It is no exaggeration to say that some media outlets were used for this purpose. Even without touching the laws of Australia, the United States, Germany and China, this is a totally futile, hobbyist act that undermines the credibility of the Western media and undermines the credibility of freedom of speech in many countries. was.

–What kind of interaction did you have with YouTube?

When I first noticed the video in question, I tried to tell YouTube how vile and inappropriate this was. However, I couldn’t find a phone number, email address, or any means of contact. All that was provided was a form for alleging a DMCA violation. I used this form, but I haven’t filed a DMCA breach. He claimed that this was a sexual personal attack and an act of trampling on the human rights of women. I didn’t make copyright an issue.

A few days later, I got a reply. It offered only the option of starting or canceling the DMCA violation allegations. Only at this stage did I start thinking about copyright … Eventually, I alleged piracy, but at the same time repeated my initial concerns. Later, when I learned that the allegation was causing controversy (whether it was censorship), I immediately withdrew the allegation of DMCA violation and stopped the allegation on YouTube, but based on my first concern.

–Is this a personal exchange? Or did you use something like a form system?

I think it was the support team that I talked to. It is a ticket system where multiple staff members process tickets / emails instead of a specific individual.

–At that time, did you answer that you would revisit the video based on your initial concerns?

Yes, there was such a reply at that time.

–Did YouTube give you a specific explanation of the violation?

It was a mistake to raise copyright issues in the first place, but I thought American companies would consider Second Life and what happened there as fictional and wouldn’t take my first concern seriously. I tried to talk to Boing Boing and The Sydney Morning Herald according to the paradigm that Second Life is a place where people interact and things happen, and it’s a real-world analogy. However, the story of personality rights in the virtual world was ignored. It’s a game, it’s just a world of pixels and avatars / cartoons, so you can do whatever you want–people seemed to think so. There was no feedback from YouTube regarding the specific content of the violation of the Terms of Service.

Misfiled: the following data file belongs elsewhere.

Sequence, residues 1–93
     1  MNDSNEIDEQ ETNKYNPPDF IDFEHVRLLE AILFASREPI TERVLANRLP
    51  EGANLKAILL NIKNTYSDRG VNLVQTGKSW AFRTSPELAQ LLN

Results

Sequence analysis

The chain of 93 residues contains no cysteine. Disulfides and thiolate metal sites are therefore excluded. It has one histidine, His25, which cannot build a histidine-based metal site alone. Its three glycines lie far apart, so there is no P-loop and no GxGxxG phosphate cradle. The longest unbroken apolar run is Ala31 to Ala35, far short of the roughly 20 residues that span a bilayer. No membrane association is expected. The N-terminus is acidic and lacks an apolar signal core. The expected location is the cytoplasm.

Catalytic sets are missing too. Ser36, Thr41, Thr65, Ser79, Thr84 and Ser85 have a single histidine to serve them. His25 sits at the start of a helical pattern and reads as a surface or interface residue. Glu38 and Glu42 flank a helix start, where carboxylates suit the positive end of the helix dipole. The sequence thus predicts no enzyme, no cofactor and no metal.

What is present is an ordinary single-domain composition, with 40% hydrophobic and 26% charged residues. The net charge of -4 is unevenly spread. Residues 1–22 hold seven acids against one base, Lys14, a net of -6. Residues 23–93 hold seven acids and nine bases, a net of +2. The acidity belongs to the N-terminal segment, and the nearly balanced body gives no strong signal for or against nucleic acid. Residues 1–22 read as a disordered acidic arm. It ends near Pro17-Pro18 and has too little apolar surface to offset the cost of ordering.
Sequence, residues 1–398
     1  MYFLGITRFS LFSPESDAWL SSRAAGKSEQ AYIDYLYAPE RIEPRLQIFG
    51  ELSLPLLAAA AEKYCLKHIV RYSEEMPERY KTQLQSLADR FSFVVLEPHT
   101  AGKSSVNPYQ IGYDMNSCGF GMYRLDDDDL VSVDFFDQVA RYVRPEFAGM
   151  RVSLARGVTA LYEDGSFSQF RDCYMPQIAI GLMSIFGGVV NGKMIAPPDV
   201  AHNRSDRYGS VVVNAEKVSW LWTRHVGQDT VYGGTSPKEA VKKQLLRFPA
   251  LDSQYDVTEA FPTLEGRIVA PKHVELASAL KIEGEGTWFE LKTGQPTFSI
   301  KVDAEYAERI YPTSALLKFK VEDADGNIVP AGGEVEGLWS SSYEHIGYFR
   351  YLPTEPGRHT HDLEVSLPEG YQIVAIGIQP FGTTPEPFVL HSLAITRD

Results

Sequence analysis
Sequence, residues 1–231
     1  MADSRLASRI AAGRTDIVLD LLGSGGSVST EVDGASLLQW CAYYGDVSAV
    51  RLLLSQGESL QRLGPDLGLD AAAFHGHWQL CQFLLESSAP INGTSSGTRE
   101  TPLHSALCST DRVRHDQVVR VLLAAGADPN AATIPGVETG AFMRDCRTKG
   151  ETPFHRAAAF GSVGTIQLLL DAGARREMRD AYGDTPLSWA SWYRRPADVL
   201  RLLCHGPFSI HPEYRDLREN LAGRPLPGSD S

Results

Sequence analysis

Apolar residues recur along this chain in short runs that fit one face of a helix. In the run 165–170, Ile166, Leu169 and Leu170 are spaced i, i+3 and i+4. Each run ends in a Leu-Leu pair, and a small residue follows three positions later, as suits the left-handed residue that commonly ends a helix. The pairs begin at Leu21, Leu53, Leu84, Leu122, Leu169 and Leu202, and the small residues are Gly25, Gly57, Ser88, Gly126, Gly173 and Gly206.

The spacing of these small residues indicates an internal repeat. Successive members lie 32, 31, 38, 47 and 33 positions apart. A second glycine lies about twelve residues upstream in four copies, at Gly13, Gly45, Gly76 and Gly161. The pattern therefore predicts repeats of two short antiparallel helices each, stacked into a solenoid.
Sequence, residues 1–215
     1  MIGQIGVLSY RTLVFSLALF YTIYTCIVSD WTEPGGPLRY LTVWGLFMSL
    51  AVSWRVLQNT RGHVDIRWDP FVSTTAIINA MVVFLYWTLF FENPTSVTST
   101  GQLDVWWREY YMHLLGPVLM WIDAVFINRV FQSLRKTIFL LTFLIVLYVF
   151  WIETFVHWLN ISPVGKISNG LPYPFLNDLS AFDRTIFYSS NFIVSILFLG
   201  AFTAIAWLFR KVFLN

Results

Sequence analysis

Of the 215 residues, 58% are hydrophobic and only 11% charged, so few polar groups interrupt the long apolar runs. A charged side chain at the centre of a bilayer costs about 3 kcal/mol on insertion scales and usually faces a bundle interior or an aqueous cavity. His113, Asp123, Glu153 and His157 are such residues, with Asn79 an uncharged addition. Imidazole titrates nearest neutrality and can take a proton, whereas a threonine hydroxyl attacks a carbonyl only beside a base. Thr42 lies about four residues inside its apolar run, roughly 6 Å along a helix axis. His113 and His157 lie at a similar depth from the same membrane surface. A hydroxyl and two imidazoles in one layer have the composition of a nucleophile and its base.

–Is the dialogue with YouTube still going on? Or is it finished?

YouTube has banned viewing of the original video because of a violation of the Terms of Service. At this point, I think YouTube has put an end to the discussion about the first video.

–Did you know that there are several copies of the original video posted on YouTube? At least two copies have also been posted on Google Video. If you know, do you think these videos will be deleted as well?

I know the matter. I’m curious how Google will deal with this issue.

–I understand that when a problematic video is posted, it must be dealt with individually. However, YouTube refuses to comment on this matter, so I don’t really know.

If it’s easier to create an account and repost a video than to repeatedly complain, you should consider the system to be problematic. Intuitively, YouTube / Google is responsible for looking at newly posted videos and refusing to post them if they resemble previously banned videos.

–How will Anshe Chung protect himself from Greefer attacks in Second Life’s public forums? As you know, the attack continued even if the interview was changed from CNET Theater to Anshe Chung Studios.

You won’t know it unless you ask him. But if I were her, I wouldn’t go to a SIM (Second Life land) that I didn’t control. What’s interesting is why real estate management tools didn’t work.

–Do you think Linden Lab is also responsible for the problem with the Second Life client?

The greefer may have used the loophole. We hope that Linden Lab will promptly investigate the issue and close this loophole. Otherwise, the commercial use of Second Life will be questioned.